Plant Spotlight: Hydrangeas

Plant Spotlight: Hydrangeas

Hydrangeas are deciduous shrubs that can provide elegant flowers to any Southern garden during the summer months. There are numerous varieties and types of hydrangeas with ranges of colors.  Though there are too many varieties to mention, you can generally looks at hydrangeas in three groups, Hydrangea macrophylla, Hydrangea quercifolia, and Hydrangea paniculata.

Hydrangea macrophylla include ones commonly called bigleaf, mop head, lacecap, and French hydrangeas. The big-leafs are among the most common of the hydrangeas.  The flower color of this group of hydrangeas can be changed to blue or pink depending upon the soil pH.  Soil pH is responsible for changing the flower color in that it affects the aluminum uptake available for the plant.  Acidic soils produce blue flowers (soil pH: 5 to 5.5), while alkaline soils produce pink flowers (soil pH: 6 or more).

Hydrangea quercifolia are known as the oakleaf hydrangeas. Oakleaf hydrangeas provide a showy display of white flowers and have leaves that are similarly shaped to an oak leaf.  Oakleaf hydrangeas not only provide an attractive flower display in the summer, but also provide in interest during the other seasons through fall foliage color, leaf texture, and attractive bark.  Some oakleaf hydrangea varieties include:  ‘Snow Queen’, ‘Snowflake’, and ‘Harmony’.

Hydrangea paniculata is a group called PeeGee hydrangeas. PeeGee hydrangeas can be 10 to 25 foot tall.  Instead of ball-shaped blooms, PeeGee hydrangeas have panicle-shaped blossoms.  The blooms are also known for developing a pink shade as flowers age into the fall.

When it comes to growing hydrangeas, they are fairly easy to grow. Hydrangeas will grow 4 to 12 feet depending upon the variety.  The growth rate of hydrangeas is quite fast. When selecting a site to plant hydrangeas, select a site that has well-drained soils.  Hydrangeas do well in soils with plenty of organic matter.  Hydrangeas do well in a location with morning sun and afternoon shade.  They should not be planted hot, dry locations. Many think about purchasing and planting hydrangeas when they see them blooming in the summer, but spring and fall is the best times to plant.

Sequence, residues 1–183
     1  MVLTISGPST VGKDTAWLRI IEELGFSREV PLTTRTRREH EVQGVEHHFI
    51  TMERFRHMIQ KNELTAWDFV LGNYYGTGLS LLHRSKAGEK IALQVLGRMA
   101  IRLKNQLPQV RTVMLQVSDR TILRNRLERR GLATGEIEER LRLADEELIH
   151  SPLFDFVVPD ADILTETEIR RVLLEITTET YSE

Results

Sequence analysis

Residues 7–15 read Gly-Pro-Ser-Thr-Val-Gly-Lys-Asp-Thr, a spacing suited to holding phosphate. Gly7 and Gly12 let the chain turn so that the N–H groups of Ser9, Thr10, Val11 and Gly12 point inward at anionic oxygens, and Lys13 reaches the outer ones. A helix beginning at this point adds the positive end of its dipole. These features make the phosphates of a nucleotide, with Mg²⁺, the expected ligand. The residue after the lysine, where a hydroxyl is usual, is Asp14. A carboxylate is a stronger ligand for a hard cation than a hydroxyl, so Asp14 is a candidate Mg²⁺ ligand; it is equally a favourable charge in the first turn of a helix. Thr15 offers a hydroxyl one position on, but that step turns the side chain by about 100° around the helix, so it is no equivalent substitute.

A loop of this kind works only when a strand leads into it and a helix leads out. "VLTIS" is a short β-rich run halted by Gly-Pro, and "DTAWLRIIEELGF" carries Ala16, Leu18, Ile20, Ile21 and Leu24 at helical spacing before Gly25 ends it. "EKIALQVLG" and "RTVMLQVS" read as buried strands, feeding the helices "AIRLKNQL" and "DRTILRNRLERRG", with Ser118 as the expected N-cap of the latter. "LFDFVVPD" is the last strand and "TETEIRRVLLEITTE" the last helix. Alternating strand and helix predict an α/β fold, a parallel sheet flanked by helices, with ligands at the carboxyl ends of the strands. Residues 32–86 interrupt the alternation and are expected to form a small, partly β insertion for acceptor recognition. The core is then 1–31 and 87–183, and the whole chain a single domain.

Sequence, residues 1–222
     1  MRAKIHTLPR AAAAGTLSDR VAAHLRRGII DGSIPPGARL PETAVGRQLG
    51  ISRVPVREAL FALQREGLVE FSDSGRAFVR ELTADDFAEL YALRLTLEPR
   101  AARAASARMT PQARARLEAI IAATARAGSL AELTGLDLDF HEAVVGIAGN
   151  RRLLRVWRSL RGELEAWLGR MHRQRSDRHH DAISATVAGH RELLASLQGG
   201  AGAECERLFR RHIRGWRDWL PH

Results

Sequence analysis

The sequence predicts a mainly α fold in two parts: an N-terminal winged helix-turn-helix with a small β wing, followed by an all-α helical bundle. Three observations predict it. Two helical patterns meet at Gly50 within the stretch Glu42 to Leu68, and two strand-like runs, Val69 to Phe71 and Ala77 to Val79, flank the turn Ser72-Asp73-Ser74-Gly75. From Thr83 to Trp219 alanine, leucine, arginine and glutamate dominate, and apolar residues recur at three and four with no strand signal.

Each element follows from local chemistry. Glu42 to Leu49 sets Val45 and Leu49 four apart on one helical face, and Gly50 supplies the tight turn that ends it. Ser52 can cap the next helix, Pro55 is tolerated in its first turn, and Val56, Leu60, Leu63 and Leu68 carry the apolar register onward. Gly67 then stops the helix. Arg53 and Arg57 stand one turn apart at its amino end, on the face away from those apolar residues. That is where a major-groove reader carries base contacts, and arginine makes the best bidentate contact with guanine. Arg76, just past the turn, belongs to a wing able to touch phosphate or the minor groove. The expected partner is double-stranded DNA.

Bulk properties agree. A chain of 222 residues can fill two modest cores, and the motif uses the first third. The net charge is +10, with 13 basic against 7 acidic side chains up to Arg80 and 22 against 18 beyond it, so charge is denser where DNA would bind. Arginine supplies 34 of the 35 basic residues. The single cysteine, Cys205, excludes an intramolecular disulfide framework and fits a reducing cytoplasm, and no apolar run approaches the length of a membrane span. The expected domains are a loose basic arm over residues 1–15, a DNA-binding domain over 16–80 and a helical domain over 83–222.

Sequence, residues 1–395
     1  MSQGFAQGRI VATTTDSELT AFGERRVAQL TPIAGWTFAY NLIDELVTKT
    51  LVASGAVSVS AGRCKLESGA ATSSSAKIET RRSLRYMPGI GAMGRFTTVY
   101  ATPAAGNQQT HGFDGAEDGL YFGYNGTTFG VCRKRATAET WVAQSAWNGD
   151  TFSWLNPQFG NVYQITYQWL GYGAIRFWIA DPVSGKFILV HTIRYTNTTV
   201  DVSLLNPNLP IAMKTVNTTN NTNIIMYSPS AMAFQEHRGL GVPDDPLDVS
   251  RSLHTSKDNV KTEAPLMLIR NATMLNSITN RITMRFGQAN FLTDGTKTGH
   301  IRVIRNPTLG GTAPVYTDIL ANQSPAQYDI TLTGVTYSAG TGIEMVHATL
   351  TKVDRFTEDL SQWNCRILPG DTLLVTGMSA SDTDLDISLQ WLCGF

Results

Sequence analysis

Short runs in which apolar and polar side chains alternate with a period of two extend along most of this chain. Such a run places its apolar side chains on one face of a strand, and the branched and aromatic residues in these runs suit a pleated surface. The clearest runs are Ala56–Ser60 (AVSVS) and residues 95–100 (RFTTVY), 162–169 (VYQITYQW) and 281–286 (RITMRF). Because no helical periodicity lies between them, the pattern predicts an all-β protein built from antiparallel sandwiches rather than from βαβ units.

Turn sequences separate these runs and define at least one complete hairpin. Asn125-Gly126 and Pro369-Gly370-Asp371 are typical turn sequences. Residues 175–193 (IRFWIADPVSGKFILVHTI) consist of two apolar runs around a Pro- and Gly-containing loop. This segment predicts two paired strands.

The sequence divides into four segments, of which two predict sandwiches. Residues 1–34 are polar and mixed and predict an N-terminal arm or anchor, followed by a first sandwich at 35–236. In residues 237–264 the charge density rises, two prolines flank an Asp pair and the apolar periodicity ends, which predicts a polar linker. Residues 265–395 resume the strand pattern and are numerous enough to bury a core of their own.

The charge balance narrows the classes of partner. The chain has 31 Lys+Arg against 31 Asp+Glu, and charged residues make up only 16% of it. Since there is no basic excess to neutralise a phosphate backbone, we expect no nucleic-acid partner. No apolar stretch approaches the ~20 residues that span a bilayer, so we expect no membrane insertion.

Hydrangeas do well receiving small amounts of fertilizer throughout the growing season.  A complete fertilizer, such as 10-10-10 applied at a rate of 2 cups per 100 square feet in March, May and July works well for hydrangeas.  It is not necessary to remove the mulch when fertilizing, but water soon after application to help dissolve the fertilizer and send it into the soil.


Jessica Strickland is an Agriculture Extension Agent, specializing in horticulture for North Carolina Cooperative Extension in Wayne County.

Hydrangea paniculata ‘Limelight’, PeeGee Hydrangea. (Photo Credit:
Hydrangea quercifolia, Oakleaf Hydrangea. (Photo Credit:
(Hydrangea macrophylla, Bigleaf Hydrangea. Photo Credit: